Understanding Eating Disorders – Presented by Ministry for Mental Health and Wellness
When most people think of eating disorders, they think about anorexia and bulimia — behaviors inherent to both go back centuries, and today, the prevalence of anorexia and bulimia appears to apply to about 1.2 and 1.6 percent, respectively. Although serious, even life-threatening, they now represent a small ratio of eating disorders.
Significantly more prevalent today is binge-eating disorder. First deemed an official diagnosis in 2013, not everyone who overeats qualifies for this diagnosis, however, anyone who carries shame due to the behavior of overeating and the usual consequence of being in a larger body may want to consider getting real help.
We can look to the diet statistics to understand the prevalence of what is now referred to as “emotional eating” because, in reality, 97 percent of dieters regain everything they lost and then some within the first three years of the diet. By one measure, 52 percent of American citizens were dieting in 2022. The nearly inevitable overeating after a diet can be explained by a host of reasons, including biological, physiological, psychological, and emotional.
Sadly, dieting causes many people to start eating emotionally, which commonly leads to another diet, followed by another round of weight gain. Keeping the diet industry prosperous and millions of people blaming and shaming themselves for their “lack of willpower”, often going deeper and deeper into the despair of trying to “fix” one’s eating with the tool guaranteed to make it worse.
In the 1980s Susie Orbach, a British therapist, published two revolutionary books called Fat is A Feminist Issue I and II. Geneen Roth, a humble sandwich maker, and a prolific dieter and binge eater, by turn, read those books and went on to develop a profound understanding of the complex emotional and psychological issues that cause people to overeat, and a radical approach to treatment, sewing seeds of what is used by eating disorder specialists today.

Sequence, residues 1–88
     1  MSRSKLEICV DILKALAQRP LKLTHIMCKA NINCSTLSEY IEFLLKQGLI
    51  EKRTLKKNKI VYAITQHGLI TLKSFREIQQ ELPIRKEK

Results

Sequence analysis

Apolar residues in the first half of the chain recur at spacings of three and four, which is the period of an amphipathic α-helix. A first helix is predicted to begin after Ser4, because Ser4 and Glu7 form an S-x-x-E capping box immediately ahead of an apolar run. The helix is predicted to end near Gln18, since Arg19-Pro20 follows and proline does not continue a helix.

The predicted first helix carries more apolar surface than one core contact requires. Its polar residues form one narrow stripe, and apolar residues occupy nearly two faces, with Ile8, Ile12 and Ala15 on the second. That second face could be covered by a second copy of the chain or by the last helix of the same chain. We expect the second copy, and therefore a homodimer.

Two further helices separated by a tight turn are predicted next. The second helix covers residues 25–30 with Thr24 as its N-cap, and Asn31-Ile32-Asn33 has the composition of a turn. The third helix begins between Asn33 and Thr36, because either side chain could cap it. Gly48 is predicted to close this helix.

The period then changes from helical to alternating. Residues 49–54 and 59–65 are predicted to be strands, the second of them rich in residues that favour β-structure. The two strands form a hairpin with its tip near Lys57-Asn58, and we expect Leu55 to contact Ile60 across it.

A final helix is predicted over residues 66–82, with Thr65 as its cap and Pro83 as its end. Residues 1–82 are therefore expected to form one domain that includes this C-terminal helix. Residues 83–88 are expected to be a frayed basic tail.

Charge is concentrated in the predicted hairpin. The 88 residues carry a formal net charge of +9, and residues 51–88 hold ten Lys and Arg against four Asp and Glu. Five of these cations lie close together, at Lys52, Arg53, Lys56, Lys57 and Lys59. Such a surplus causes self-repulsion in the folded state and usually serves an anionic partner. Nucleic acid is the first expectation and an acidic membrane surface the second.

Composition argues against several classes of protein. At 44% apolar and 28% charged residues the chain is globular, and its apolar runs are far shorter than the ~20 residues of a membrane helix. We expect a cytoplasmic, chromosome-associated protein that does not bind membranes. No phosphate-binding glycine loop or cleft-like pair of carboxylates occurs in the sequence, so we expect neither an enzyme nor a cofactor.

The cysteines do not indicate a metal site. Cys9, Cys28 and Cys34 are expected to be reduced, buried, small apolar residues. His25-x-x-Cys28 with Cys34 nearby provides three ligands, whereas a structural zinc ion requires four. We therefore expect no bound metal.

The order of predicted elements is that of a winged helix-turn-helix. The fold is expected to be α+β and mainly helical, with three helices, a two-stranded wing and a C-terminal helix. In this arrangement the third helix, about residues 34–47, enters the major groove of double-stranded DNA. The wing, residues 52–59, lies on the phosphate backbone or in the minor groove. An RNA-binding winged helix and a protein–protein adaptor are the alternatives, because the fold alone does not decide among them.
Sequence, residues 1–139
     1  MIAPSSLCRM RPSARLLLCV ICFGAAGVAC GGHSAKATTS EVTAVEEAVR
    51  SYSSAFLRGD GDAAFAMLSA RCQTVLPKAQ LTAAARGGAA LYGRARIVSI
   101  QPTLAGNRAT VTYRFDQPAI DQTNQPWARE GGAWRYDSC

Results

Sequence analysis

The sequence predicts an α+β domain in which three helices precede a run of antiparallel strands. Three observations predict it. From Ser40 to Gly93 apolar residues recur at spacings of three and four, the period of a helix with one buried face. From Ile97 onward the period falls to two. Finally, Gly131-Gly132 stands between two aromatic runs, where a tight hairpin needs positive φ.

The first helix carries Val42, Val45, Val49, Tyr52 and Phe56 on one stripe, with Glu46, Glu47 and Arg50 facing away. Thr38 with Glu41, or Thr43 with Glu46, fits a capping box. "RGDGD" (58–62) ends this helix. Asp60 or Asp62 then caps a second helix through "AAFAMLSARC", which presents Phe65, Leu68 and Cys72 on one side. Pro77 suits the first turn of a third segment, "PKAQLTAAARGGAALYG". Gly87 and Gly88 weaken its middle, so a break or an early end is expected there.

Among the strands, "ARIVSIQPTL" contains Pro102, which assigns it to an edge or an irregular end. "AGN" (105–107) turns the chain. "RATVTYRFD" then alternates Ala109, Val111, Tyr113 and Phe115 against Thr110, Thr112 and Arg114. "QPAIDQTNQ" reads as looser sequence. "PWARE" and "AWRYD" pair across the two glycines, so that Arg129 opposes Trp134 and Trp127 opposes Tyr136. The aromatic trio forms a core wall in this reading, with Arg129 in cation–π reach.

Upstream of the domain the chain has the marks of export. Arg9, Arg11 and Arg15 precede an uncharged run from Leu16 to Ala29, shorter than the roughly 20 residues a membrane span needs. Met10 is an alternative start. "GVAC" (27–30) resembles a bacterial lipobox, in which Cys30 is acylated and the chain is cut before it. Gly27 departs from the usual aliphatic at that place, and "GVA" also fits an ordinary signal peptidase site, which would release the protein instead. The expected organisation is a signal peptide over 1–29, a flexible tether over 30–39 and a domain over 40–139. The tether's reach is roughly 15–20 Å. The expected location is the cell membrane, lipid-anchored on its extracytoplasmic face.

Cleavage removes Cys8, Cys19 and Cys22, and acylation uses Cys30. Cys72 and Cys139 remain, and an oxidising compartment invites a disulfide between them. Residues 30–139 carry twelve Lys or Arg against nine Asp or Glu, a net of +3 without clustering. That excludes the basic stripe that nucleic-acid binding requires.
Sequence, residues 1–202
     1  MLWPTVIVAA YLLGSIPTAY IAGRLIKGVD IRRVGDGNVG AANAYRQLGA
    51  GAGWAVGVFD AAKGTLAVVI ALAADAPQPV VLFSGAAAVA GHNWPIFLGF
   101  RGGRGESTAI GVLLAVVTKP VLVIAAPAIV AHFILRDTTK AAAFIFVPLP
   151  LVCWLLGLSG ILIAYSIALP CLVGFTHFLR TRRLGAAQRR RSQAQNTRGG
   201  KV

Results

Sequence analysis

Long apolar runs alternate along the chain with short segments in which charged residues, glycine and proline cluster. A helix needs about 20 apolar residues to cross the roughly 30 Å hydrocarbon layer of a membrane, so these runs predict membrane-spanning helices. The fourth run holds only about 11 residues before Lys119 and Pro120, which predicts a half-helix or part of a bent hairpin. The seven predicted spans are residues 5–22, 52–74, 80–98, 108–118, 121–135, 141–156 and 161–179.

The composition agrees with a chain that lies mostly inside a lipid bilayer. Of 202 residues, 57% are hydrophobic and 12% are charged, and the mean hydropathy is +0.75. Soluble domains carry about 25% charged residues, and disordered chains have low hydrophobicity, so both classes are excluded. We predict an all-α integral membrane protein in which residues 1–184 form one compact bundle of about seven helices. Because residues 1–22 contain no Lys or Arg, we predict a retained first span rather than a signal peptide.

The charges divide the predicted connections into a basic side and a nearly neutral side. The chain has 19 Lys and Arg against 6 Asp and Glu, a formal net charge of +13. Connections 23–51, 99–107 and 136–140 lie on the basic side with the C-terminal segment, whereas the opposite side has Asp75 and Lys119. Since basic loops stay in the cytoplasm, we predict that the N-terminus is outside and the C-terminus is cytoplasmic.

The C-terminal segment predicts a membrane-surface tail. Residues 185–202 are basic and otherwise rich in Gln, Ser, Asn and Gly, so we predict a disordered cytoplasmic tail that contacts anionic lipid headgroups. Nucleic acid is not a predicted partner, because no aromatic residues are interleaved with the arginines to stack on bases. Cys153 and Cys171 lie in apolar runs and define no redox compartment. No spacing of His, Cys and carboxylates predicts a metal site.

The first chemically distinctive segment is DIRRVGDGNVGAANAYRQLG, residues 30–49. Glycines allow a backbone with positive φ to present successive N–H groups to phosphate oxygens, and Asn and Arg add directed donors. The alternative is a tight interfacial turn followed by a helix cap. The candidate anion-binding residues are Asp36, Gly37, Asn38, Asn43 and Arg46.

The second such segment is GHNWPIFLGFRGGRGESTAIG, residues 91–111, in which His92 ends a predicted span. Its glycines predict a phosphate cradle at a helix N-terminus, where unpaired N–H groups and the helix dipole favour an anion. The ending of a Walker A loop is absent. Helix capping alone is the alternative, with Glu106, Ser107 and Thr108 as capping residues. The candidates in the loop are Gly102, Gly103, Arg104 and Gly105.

Our relationship with food is personal and complex. One person trying to tell another when, what, and how much to eat will inevitably backfire (even if we are paying them to do so!); this includes parents who attempt to control their children’s consumption of food. The problem arises when the inherent wisdom of the body is repressed and determinants of eating are derived from the outside: what time it is; how many points or calories the food contains, and whether we are in the vicinity of our favorite bakery or Starbucks.
Other critical factors include whether we are trying to quell an uncomfortable thought or feeling or pour hot fudge on our loneliness. Do we feel deprived due to missing an occasion that might have been fun, nurturing, or meaningful? Do we then fool ourselves into believing that a box of cookies will somehow fill that space in our hearts and soul?
Disordered eating is complex. It is no surprise that diets will not fix the problem and end up causing more harm in the long run. For those who seek to understand and learn to manage their relationship with food, an eating disorders therapist and a licensed, registered dietician are the surest way toward finding peace with food.
Lisë Osvold, Ph.D., L.P., Eating Disorder Therapist
For More Information:
Eating disorders spike among children and teens: What parents should know, April 21, 2022. https://www.health.harvard.edu/blog/eating-disorders-spike-among-children-and-teens-what-parents-should-know-202204212731
Eating disorders in midlife. December 1, 2022. https://www.health.harvard.edu/womens-health/eating-disorders-in-midlife
Disclaimer: No content on this site should ever be used as a substitute for direct medical advice from your doctor or other qualified clinicians.